Yes, it's horrible. :)

Short story: The new code fails as well, I know why (non-convex domain), and do
not know a workaround (quick internet search did not help either).

Long story: Imagine a mesh with a hole (e.g. a long rectangular hole). The mesh
has nice small elements on one side of the hole, and very big elements on the
other side, much bigger than the hole side-to-side dimension. If a target
(probe) point is in a big element, and the closest mesh point in a small
element on the other side of the hole, I have no idea, how to reach it from
there. The current algorithm follows the elements in the direction from the
closest point to the target, but it cannot cross the hole. It would work for a
convex hull mesh of the original mesh, though.

So, for the moment, I will merge the current "solution", as it is about 2-3x
faster than the old one and works well for reasonable meshes (much better than
the old one).

We may also add a slow "brute force" fall back algorithm (search all elements
in spheres of increasing radius centered in the target point - scipy's kdtree
will help here), that will be optionally tried for points not found by the fast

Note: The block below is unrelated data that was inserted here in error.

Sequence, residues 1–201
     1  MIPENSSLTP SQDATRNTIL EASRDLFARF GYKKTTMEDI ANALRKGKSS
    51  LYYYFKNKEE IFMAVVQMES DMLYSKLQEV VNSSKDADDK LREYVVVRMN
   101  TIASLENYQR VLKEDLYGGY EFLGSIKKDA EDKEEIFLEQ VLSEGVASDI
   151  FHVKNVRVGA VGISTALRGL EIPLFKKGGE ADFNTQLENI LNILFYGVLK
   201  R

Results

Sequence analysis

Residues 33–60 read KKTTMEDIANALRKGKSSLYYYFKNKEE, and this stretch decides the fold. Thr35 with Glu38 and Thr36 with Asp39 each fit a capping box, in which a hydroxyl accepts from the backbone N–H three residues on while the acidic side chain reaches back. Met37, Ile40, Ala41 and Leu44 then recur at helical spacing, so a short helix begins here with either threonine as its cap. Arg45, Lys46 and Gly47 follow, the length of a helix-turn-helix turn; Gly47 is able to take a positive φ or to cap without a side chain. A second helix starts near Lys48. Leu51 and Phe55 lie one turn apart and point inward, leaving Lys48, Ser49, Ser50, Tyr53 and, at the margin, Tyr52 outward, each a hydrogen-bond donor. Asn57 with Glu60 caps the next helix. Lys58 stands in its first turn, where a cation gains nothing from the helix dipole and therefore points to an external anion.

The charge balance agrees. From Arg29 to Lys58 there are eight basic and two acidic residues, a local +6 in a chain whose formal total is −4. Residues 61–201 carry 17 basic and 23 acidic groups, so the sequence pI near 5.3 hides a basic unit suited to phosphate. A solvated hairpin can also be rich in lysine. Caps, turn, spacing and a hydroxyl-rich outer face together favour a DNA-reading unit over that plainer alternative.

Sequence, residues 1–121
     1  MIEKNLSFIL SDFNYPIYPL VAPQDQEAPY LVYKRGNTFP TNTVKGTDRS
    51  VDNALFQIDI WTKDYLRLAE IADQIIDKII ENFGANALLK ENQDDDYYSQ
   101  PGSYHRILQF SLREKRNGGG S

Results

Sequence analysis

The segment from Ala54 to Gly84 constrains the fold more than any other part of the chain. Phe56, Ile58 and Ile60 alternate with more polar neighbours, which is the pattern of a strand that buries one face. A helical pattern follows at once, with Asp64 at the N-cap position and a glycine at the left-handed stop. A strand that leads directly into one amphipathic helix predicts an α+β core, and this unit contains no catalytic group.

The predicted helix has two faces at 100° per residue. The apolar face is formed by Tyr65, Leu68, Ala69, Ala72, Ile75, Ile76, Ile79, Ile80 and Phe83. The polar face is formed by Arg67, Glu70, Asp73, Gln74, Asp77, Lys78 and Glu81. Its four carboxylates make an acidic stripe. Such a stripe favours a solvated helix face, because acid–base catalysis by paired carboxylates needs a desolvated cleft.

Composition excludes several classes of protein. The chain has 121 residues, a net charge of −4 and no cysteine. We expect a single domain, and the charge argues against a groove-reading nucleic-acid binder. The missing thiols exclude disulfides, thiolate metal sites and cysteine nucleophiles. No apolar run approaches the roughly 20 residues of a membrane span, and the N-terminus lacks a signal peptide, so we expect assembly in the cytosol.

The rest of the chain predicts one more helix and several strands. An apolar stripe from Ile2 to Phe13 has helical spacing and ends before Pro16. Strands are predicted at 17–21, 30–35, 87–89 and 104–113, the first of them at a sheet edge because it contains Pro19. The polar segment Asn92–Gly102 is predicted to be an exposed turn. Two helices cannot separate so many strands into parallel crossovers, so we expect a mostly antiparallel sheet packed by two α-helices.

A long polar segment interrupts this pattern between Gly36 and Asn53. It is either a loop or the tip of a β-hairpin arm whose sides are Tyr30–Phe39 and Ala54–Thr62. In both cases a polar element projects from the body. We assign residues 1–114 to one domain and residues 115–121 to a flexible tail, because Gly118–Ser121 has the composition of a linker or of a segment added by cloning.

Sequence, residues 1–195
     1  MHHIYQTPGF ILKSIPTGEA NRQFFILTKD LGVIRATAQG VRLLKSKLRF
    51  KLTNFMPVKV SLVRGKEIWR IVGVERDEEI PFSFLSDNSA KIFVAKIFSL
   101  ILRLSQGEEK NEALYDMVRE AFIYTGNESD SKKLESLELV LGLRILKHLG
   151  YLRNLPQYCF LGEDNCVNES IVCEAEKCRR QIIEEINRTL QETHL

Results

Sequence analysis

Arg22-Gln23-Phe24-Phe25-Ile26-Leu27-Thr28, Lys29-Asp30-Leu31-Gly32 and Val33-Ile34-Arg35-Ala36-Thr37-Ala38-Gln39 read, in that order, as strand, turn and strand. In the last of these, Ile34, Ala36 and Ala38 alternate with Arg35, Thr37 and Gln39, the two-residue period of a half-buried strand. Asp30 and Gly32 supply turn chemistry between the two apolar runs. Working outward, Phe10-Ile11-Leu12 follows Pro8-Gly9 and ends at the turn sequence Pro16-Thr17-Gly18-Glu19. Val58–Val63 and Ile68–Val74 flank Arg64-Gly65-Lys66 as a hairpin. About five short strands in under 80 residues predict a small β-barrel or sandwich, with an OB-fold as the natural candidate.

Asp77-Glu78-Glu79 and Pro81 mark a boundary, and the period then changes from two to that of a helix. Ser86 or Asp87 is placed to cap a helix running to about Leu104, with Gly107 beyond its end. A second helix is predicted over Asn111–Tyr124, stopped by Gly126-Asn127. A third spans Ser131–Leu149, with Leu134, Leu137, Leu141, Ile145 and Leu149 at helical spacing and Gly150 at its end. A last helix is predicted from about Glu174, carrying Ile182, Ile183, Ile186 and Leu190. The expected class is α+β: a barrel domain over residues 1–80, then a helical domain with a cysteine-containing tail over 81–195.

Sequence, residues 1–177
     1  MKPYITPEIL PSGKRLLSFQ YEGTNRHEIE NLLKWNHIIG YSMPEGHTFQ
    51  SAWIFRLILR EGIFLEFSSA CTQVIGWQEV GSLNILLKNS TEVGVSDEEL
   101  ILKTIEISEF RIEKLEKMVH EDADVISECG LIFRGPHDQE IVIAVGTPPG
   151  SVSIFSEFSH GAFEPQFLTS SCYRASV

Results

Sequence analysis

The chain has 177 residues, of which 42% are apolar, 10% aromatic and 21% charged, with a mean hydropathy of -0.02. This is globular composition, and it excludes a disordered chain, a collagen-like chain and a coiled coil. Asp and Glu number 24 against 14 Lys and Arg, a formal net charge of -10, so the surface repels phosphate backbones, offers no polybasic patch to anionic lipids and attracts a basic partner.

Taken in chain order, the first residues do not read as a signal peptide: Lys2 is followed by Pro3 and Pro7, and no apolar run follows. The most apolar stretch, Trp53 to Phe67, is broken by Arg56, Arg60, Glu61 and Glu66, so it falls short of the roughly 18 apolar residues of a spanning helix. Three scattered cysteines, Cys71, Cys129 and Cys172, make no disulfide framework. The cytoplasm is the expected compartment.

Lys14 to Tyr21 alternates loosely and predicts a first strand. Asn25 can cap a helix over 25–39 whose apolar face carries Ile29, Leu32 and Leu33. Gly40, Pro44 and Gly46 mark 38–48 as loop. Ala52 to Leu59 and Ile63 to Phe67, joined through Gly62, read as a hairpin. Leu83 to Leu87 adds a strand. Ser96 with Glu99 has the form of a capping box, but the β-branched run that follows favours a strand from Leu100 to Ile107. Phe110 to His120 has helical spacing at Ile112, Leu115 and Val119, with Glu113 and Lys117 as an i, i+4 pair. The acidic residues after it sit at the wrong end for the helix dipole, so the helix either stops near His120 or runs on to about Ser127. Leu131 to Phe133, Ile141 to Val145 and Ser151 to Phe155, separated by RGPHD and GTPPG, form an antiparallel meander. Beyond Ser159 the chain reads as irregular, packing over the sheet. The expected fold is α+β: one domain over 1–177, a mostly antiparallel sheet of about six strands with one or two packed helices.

one.

If you are interested, try searching for articles or for how libraries like VTK
do it (there are probes in paraview, and VTK probes are now in sfepy as well,
thanks to Vladimir, see [1], but work only for approximation order 1 (or 0)).

r.

[1] http://sfepy.org/doc-devel/primer.html#probing

All I've been able to find is the algorithm described in the accepted answer of this StackExchange question. The upside is that it should never fail for awful.mesh. The downside is that it may fail to converge in non-convex meshes (since it cannot jump over gaps), it might only work for triangular/tetrahedral meshes, and it runs in O(N^(1/d)). The runtime would probably be significantly improved by first finding a nearby mesh node with the kdtree, though.

My intuition says that it's always possible to find a counter-example for any non-brute-force algorithm though, so it may not be worth spending too much time on it. E.g. while the above algorithm would work for awful.mesh, it would fail the moment you add one more triangle with corners at (0, 1), (-0.1, 4) and, say, (0.5, 0.6). Then it wouldn't converge for a point at (0.45, 0.45) with first-order elements.

Naturally one option would be to add an extra hidden mesh which, when combined with the original mesh, gets the convex hull of the object. That way you could probably guarantee convergence, but that would involve a considerable computational cost.

The best option is probably to go with what you've got and add the fall back brute force, as you described.

-Jonatan